It’s time for health care to think about itself in a new way.
There was a time when “doctor” was a brand in and of itself. Not very long ago, your doctor was the person who’d taken care of you and your family members for most of your life—maybe because he was referred
by a friend, or because they were the only doctor in town. When your prospective patients think “doctor,” who do they see? A patient, older man with a comforting bedside manner—maybe with whiskers? A lab coat, a cold stethoscope, and a request to say “Ahhh”? Or maybe just a long afternoon spent on the insurance website or telephone, trying to figure out who and what will be covered?
Now, who do you want them to see when they think “doctor”? Well, you, of course, but how exactly do you want them to see you? In today’s ever-diversifying health care world, branding is more of a consideration than it’s ever been. Patients aren’t just patients—they’re consumers, and you can no longer expect lifelong patients “just because.”
The patient’s experience—and how they view you and your services throughout—needs to be planned end-to-end. How do they find you? What do people say about you? How do your marketing, your online presence, and your social networking represent you? Is the message you’re putting out cohesive, clear, and reassuring?
Whether you’re an independent provider or a large, corporate health care chain, the basic approach to building your brand is the same. It doesn’t matter if you’re refreshing your existing brand or building one from the ground floor, you have to ask yourself the same questions.
Consider the larger strategy.
A brand isn’t just a mark on a soda bottle. Perhaps especially when it comes to health care, a brand is a reflection of your values—of where you are now, and where you’re going tomorrow. Your brand strategy needs to encompass everything from the ethereal to the very real—from the feelings you want your brand to evoke to the channels you use to express your messages. You have to understand how your ideal patient makes health care decisions before you form a brand around them—and your brand is at least as much about those future patients as it is about the ones you have now. Your brand is the support structure for your future plans—not the end plan in and of itself.
Don’t forget your internal audience.
Your brand strategy will never get off the ground if you don’t get buy-in from the insiders. A true brand will touch everyone within the organization, and will be expressed by everyone from the CEO to the janitorial staff. The entire organization must be aligned in goals, approaches, in beliefs and in values. A marketing team can come up with the best brand, the most sensible approach, and the most sparkling content strategy imaginable, but if the people you count on to embody and deliver these things aren’t all-in, then change is impossible. Yes, impossible. No matter the size, organizations are supported from the inside.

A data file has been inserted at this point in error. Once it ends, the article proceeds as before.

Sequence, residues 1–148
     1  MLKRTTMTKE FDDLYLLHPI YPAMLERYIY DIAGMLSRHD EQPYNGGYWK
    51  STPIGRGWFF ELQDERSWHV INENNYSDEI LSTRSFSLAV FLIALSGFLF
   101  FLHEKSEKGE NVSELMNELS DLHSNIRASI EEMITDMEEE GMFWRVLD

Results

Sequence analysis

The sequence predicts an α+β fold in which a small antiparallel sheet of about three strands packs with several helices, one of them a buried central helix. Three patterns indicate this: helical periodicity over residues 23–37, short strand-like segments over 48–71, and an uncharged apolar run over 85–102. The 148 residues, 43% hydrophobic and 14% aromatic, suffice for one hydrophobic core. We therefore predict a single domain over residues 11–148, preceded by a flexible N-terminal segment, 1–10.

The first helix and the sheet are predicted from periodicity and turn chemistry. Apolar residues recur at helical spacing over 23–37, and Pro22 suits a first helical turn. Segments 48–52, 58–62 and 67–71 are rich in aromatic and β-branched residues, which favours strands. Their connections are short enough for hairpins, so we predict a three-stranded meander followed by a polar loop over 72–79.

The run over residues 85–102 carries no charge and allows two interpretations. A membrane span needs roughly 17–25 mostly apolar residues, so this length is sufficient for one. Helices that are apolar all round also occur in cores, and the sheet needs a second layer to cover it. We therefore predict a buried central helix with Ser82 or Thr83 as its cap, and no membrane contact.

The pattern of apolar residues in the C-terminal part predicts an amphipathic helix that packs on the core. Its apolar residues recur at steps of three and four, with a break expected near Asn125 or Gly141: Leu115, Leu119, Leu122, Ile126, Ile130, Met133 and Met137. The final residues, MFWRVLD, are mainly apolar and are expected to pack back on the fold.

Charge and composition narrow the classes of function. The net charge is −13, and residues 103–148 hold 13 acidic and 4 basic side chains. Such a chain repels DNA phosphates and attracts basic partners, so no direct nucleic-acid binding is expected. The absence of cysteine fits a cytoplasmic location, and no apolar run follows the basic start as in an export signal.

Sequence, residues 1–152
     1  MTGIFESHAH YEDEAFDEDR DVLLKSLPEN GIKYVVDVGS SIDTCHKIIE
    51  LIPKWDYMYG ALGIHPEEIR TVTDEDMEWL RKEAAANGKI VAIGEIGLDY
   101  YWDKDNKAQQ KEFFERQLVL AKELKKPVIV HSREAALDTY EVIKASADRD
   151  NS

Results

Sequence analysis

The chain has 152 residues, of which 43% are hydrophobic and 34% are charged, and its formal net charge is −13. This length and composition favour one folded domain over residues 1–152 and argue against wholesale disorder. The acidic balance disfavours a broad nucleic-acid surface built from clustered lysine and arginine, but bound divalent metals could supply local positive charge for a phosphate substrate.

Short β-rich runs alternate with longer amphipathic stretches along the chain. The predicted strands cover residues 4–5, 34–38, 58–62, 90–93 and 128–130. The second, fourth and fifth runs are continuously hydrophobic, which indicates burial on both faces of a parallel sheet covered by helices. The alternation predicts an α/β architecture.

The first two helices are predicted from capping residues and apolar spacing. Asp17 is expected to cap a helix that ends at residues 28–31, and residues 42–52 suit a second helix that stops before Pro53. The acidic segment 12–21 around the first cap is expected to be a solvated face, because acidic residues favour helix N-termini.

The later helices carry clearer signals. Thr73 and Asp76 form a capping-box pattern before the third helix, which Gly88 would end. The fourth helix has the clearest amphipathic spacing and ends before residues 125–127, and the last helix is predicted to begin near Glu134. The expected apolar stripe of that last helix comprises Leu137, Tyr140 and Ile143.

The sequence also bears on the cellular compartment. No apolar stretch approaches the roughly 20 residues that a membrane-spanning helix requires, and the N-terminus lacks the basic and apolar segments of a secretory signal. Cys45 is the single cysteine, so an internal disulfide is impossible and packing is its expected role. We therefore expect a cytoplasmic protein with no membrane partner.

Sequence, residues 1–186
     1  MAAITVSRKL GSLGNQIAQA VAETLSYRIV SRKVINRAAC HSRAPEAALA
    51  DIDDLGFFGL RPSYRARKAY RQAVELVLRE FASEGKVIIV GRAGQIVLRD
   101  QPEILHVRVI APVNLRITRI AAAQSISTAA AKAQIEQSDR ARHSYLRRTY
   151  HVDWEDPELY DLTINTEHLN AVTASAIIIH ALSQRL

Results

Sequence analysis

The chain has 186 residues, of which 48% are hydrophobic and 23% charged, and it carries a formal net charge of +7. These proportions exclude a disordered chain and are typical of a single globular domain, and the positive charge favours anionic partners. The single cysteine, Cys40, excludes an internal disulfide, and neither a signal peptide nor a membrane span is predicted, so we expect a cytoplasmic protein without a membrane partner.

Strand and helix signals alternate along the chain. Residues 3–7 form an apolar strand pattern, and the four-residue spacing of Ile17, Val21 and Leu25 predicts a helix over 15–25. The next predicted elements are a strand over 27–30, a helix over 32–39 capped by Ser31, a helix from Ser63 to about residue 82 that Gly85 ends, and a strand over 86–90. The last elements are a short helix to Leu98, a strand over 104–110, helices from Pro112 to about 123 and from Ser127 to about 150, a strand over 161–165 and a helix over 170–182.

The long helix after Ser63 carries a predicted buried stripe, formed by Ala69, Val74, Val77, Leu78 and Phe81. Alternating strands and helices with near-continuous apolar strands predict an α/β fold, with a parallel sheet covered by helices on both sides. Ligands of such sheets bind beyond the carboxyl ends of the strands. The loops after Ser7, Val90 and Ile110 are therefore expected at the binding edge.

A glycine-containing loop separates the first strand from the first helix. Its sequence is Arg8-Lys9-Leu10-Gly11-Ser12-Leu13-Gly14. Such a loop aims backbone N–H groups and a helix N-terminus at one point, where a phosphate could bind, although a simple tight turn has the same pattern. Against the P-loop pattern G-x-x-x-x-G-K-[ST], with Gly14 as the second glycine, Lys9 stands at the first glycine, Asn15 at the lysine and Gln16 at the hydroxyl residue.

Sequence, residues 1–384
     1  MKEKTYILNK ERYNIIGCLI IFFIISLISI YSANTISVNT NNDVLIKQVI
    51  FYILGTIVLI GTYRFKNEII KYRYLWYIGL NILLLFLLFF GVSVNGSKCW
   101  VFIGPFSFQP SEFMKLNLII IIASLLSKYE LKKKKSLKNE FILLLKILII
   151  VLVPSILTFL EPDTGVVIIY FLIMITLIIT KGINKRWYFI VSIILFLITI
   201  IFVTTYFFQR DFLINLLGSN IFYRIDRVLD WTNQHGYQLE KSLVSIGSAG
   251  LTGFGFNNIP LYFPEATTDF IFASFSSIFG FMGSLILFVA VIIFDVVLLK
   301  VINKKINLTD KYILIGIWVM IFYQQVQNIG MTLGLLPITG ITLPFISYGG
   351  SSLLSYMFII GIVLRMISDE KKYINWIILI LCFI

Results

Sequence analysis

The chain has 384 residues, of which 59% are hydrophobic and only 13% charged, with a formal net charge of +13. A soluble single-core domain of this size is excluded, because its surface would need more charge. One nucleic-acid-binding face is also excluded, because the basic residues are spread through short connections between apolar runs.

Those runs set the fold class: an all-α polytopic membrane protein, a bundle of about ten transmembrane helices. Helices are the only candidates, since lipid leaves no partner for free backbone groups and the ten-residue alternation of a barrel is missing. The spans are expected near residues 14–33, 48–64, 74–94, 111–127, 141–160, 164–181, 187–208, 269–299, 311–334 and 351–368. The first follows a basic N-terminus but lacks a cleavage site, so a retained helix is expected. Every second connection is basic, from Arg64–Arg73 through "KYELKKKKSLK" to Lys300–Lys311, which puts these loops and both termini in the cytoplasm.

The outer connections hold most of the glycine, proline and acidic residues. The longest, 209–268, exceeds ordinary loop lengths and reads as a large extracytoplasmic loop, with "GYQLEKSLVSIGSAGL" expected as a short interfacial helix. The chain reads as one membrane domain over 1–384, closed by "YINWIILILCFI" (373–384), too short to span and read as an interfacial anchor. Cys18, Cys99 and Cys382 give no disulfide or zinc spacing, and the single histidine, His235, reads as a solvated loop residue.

Define what makes you different from others.
Care is more patient-centered than ever before. It follows that your marketing should be, too. Your brand is about your patients, about what you offer them that no one else can. Your key differentiator isn’t the new diagnostic machine or the lattes in the waiting room, and it’s not a bulleted list of services. Ultimately, these are not the things that encourage fierce loyalty or generate word-of-mouth. Brands are about what your patients want, but they’re also about what you represent—which, especially in the case of health care, should be a very “human” experience.
When it comes down to it, your brand shouldn’t be about what you do. It should be about what you do for them.
Reflect simplicity and clarity.
The best brands—no matter what sort of experience, service, or goods they represent—are about simplicity and ease of use. McDonald’s, Apple, Google, Walmart; okay, they’re not all “good” for you. But in the end, these brands are not about cheeseburgers or looking up celebrity birthdays faster—they’re about experiences that are streamlined, easy, and accessible. This is what health care brands need to do—dissolve some of the worry, confusion, and anxiety around finding and using the best health care. Your brand and branded materials can reassure patients and their families by reflecting a natural and straightforward process.
Put your values in the visual.
The patient-as-consumer wants the same things as the consumer-as-consumer. They want convenience. They want to know that you care. And they want to feel that you’ll go the extra mile for them. These are your values—but how do you express this to someone who’s not yet set foot through your door? Your brand, and the marketing you develop around it, should serve as a visual overview of what you stand for. Whether it’s a brochure or a website, a billboard or a Facebook page, be sure the image you’re projecting is confident, innovative, trustworthy—and in line with the brand you’ve developed.
You can’t be all things to all people, but you can be exclusively you. So what is it about you that will resonate with your community? What experiences are you offering that will truly engage patients—both the ones you have currently, and those you hope to attract in future? Good branding is about empathy. It’s about putting yourself in their examination gown and thinking through what experiential elements—tangible and intangible—would help you see the experience in a different light. Let’s face it. Not a lot of people are ever going to like going to the doctor. But they can like the doctor. They can like the overall experience. And they can like how good they feel when they’ve made the right choice in providers. And if your brand is good enough, they might even “Like” you on Facebook. And that’s when you know you’ve really done it right.